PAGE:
What Steamed Noodle?

If you don’t know much about Isabella Beeton, besides that she put together a rather weighty niche book, what image leaps to mind when you try to guess what she was like in real life?

a)  A bosomly matron

b) A sweet old dear

c) A bossy housewife who thought she knew it all

d) All of the above

As you probably guessed from the oh-so-cleverly leading examples, none of the above. 

Household Management flickered into volume-by-volume existence in 1861 – although Isabella wrote excerpts for the Englishwoman’s Domestic Magazine from 1857, when she was no more than 21.  Already by that point she was a wife, running a home and working as a journalist.  When I was 21, my time was invested in obsessing over some guy I was desperate to marry and squeeze 5 kids out of (What was his name again?).  I hadn’t much of a clue about budgeting or housework.  Certainly, anything beyond Vegetable Pasties and (frequently-burnt) biscuits would have had me reaching for a bottle of wine.

Yet by 25, Isabella’s book had been published (after a 4-year slog, amongst everything else the poor girl had on her plate) and she was well on her way to becoming – literally – a household name.

Despite her age, her life experiences seeped into her book in one way or another.  So, if I’m going to spend 365 days in her shoes, I figure I should have more than just a superficial knowledge of what made her tick.

One experience already connects us:  she finished her schooling in a historic town not so far from where I currently live – Heidelberg.

Isabella would probably be completely at home there, even today.  Heidelberg Castle remains mostly an enigmatic, majestic ruin.  A toppled gunpowdered tower here, brick-maker’s stamps  in the moat wall there, the bakeries, the main street, the vineyard-packed hills and market square all retain their familiarity and centrality to the town’s pulse.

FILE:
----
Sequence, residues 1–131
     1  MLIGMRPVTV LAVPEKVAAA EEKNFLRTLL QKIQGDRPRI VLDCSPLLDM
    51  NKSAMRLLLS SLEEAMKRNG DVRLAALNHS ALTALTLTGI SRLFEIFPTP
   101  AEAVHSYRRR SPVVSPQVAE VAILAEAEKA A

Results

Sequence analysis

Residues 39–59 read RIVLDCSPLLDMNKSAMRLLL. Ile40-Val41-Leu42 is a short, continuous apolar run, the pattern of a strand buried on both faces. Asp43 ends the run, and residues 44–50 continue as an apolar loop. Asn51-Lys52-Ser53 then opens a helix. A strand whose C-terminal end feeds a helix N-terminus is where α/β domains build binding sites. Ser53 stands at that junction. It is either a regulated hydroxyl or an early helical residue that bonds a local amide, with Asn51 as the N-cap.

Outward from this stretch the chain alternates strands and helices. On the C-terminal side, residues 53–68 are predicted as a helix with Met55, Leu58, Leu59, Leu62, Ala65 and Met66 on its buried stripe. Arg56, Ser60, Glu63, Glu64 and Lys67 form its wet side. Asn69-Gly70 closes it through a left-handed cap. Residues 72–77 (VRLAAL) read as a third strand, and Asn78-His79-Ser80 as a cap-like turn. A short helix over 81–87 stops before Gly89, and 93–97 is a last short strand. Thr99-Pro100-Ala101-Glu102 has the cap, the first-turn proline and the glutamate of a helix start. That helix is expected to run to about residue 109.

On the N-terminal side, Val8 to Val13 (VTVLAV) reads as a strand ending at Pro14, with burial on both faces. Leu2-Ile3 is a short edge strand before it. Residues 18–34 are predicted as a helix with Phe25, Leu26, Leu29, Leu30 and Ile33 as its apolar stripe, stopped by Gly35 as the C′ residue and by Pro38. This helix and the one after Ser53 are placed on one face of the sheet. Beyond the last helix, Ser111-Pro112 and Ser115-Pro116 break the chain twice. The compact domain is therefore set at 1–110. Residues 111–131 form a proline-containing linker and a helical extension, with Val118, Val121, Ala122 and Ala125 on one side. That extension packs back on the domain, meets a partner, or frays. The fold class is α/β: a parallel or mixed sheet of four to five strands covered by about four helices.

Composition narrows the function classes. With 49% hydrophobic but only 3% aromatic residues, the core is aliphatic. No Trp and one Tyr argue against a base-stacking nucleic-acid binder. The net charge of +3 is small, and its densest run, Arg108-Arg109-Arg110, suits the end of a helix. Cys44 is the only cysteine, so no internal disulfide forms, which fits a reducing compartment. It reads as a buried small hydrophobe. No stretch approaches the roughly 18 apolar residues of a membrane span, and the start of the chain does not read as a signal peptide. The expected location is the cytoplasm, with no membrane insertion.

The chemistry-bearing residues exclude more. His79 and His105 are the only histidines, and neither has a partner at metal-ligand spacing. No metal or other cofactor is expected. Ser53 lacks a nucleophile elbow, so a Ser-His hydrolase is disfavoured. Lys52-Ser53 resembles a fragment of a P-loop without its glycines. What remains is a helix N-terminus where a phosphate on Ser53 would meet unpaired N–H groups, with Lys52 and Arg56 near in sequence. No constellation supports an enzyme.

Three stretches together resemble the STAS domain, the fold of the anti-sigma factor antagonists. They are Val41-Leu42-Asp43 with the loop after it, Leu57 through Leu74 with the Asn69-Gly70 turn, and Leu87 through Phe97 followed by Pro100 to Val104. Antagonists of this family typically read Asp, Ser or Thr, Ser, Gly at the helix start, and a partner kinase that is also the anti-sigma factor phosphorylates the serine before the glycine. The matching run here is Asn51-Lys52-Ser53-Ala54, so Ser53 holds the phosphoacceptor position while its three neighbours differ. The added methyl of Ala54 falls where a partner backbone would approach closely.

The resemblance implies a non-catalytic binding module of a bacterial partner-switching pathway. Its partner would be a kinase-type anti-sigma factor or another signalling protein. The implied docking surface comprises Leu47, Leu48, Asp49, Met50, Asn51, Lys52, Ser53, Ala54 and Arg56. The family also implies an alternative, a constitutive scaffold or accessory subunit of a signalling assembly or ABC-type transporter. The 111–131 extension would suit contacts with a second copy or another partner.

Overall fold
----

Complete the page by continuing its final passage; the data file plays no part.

It was probably here that she picked up her recipe for Dampfnudeln (a literal translation is ‘steamed noodles’, but in actual fact it’s a steamed bun with a crispy little bottom).

One of my colleagues, with glistening eyes and a dreamy smile transporting him back to his Oma’s kitchen as he spoke, told me that they’re not as easy to make as her recipe in theory implies.  His grandmother’s mouthwateringly enticing Dampfnudeln were produced in a special pan and required a certain knack to get them right.

On Saturday I plan to recreate Isabella’s recipe and compare it to the Dampfnudeln available in 21st century Germany.  She may have adulterated it for the middle-class Victorian kitchen.  Or perhaps she just decided to simply let them have it with the original.  I’ll soon find out.

The ginger beer should be ready by Saturday too.  When I checked on it yesterday, the yeast froth that she says to skim off wasn’t visible.  I’m slightly worried about how it will turn out.

However, I hope that my boyfriend will be the proverbial canary in the mine when the time comes to test them…

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